- Once profit is being generated, devising, implementing and monitoring strategies to manage the cash flow generated from that profit. Profit and cash flow are two entirely different things and must be managed accordingly
- Ensure that the small business maintains a strong financial condition so that obligations do not consume hard earned assets and capital. The business must remain healthy in order to continue and earn profit
- Legally minimize taxes through proper, proactive tax planning and compliance. A small business should never be surprised by and have to react to unforeseen tax issues. Tax agencies are often the most interested outside party a small business will encounter and not properly addressing their rules and regulations can be devastating to ongoing success
- Strategic business, tax and technology planning. Although plans themselves often become obsolete rather quickly, the process of periodic planning is invaluable to the ongoing success of the small business fulfilling its purpose
- At some point in time, most small businesses fulfill their purpose. Planning for the discontinuance or sale of the business and its proper valuation should always be a consideration.
Having established the importance of bookkeeping to a small business, let’s look at what is required:
What Is a Proper Set of Books?
A bookkeeping system should follow basic principles but be tailored specifically to the needs of the business. A service business has different bookkeeping requirements than a manufacturing business or a retail business. Some businesses deal strictly in cash while others send a bill to their customers and wait a period of time to be paid.
A proper set of books are only as good as the time spent in initially setting them up and this should always be done in consultation with a professional such as a Certified Public Accountant. Don’t guess at what you need or let some bookkeeping software make the decisions for you. This is not a costly process and can save a business a significant amount of money in the long run.
1. Chart of Accounts
The starting point for any business should be a chart of accounts. A chart of accounts is nothing more than a listing of the potential types of transactions a business may encounter and is helpful in categorizing them (especially for tax purposes). Again, the choice of a chart of accounts for any business should be made in consultation with a professional accountant.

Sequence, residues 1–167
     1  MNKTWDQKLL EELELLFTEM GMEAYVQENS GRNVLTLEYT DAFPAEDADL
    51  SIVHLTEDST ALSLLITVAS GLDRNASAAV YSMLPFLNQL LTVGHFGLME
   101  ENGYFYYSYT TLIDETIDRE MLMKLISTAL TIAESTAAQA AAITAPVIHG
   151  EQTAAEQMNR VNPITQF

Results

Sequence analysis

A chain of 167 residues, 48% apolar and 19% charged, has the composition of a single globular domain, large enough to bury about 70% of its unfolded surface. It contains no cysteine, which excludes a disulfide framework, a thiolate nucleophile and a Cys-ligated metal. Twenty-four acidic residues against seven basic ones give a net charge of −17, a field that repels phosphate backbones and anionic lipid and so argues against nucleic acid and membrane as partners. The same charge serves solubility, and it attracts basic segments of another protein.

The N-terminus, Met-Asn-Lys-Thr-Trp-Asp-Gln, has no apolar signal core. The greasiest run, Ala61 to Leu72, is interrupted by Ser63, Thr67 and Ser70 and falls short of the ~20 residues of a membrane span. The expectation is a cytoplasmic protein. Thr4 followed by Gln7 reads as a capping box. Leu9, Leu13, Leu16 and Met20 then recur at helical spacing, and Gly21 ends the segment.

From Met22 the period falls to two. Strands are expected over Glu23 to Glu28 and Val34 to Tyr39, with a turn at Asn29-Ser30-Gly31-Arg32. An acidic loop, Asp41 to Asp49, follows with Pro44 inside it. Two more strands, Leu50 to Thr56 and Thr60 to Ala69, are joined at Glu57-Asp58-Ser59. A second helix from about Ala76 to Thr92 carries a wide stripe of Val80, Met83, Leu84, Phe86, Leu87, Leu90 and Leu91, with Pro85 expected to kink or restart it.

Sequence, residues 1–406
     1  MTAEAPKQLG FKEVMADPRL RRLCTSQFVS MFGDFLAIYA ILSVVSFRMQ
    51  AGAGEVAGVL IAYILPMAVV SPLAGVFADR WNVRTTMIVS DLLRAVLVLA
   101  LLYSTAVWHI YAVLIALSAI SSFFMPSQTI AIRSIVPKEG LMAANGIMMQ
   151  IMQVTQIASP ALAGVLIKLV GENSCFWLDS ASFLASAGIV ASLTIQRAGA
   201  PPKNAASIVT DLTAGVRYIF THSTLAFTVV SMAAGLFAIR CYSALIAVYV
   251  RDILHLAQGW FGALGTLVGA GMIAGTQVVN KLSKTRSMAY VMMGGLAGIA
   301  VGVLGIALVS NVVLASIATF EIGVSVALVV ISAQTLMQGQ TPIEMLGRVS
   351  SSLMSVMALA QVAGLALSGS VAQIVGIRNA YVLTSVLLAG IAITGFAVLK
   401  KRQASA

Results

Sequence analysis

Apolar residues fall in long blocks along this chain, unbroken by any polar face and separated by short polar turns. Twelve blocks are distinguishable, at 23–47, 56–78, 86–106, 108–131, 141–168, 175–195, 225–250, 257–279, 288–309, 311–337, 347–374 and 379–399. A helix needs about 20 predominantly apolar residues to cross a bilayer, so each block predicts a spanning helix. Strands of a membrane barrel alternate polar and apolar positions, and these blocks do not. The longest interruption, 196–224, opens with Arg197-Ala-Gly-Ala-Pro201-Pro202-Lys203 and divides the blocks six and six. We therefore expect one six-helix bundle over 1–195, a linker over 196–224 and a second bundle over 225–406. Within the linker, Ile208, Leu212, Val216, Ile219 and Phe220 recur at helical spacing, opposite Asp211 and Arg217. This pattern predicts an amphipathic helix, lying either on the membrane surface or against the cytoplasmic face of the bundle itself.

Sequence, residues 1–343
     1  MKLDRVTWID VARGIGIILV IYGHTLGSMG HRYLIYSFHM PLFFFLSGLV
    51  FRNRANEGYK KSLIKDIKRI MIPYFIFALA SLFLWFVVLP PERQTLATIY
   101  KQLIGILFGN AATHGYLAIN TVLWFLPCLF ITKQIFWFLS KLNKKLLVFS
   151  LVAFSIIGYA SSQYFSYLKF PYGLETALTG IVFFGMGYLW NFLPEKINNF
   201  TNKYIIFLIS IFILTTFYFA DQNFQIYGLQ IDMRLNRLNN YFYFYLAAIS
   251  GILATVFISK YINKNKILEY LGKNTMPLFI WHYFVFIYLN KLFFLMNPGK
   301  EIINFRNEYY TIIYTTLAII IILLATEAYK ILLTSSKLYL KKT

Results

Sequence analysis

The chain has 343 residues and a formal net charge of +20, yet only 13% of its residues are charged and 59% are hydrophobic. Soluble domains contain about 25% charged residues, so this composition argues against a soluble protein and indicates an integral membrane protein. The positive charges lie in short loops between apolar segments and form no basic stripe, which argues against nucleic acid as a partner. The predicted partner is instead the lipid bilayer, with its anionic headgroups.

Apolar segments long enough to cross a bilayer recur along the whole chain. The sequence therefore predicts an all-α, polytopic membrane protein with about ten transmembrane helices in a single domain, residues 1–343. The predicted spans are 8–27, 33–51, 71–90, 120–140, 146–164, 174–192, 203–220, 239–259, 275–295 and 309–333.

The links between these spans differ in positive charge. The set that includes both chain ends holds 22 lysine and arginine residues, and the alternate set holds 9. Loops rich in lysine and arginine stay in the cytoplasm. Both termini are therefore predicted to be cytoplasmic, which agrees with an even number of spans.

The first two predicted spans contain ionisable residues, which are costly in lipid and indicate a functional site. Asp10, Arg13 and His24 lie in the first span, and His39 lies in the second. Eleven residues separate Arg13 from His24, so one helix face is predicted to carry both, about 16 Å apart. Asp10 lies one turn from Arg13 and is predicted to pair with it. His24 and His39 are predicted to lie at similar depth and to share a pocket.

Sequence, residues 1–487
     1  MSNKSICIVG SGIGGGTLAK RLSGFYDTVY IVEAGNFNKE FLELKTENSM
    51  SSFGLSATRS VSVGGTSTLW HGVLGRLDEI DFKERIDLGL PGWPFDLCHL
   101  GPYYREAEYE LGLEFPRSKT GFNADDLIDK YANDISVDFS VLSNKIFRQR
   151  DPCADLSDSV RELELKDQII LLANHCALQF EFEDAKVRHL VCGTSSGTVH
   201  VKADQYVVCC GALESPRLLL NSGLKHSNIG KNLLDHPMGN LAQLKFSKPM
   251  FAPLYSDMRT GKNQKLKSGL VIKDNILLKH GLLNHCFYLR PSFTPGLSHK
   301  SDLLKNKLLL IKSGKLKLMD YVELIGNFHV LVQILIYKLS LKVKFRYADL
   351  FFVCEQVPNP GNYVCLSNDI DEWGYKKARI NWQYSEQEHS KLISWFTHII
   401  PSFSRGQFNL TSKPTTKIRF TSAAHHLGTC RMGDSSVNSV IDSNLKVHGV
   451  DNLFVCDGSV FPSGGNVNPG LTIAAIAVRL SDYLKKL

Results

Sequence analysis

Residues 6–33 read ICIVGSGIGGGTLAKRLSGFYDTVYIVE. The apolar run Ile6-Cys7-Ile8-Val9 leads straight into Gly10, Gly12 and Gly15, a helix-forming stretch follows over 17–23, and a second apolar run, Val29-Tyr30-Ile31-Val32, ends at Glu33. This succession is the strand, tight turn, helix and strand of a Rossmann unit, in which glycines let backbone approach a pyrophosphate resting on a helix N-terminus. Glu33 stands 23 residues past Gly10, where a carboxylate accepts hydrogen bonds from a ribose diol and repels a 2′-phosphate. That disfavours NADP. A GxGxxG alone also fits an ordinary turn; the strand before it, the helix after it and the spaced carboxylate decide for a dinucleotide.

Once transactions are identified and properly categorized, they need to be recorded in an orderly, consistent and timely manner. The source documents for these transactions (receipts, bills, paid invoices, etc. should be saved and filed, also in an organized manner, especially for tax purposes.) Most bookkeeping systems use a series of books of original entry known as journals. There are four main journals (there can be more but these are the most common and useful):
- Cash receipts – the money a business collects from its customers.
- Cash Disbursements – the money a business uses to pay its bills.
- Invoices – the bills a business sends to its customers for the work done for them by the business.
- Payables – the bills received by the business that must be paid for the goods and services it needs to operate.
- General Journal – used to record unusual items or adjustments recommended by an outside accountant to make sure all financial transactions of the business are recorded.
These journals are normally used on a daily or weekly basis, depending on the size of the business. On a periodic basis (not longer than a month or quarter) they are totaled and the amounts are transferred to a General Ledger which is organized along the lines of the Chart of Accounts. The totals for each account in the General Ledger are then used to create financial reports that show the financial condition of the company and its profitability as well as in preparing tax returns.